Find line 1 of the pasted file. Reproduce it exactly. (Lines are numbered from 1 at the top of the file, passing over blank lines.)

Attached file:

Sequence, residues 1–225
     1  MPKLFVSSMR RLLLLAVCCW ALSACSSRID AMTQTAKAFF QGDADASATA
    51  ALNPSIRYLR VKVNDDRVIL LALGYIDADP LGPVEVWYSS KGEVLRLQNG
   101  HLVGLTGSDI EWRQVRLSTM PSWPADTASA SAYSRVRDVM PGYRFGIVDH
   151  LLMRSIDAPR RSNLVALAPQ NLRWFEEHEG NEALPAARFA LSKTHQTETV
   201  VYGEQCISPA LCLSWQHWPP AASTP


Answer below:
Sequence, residues 1–225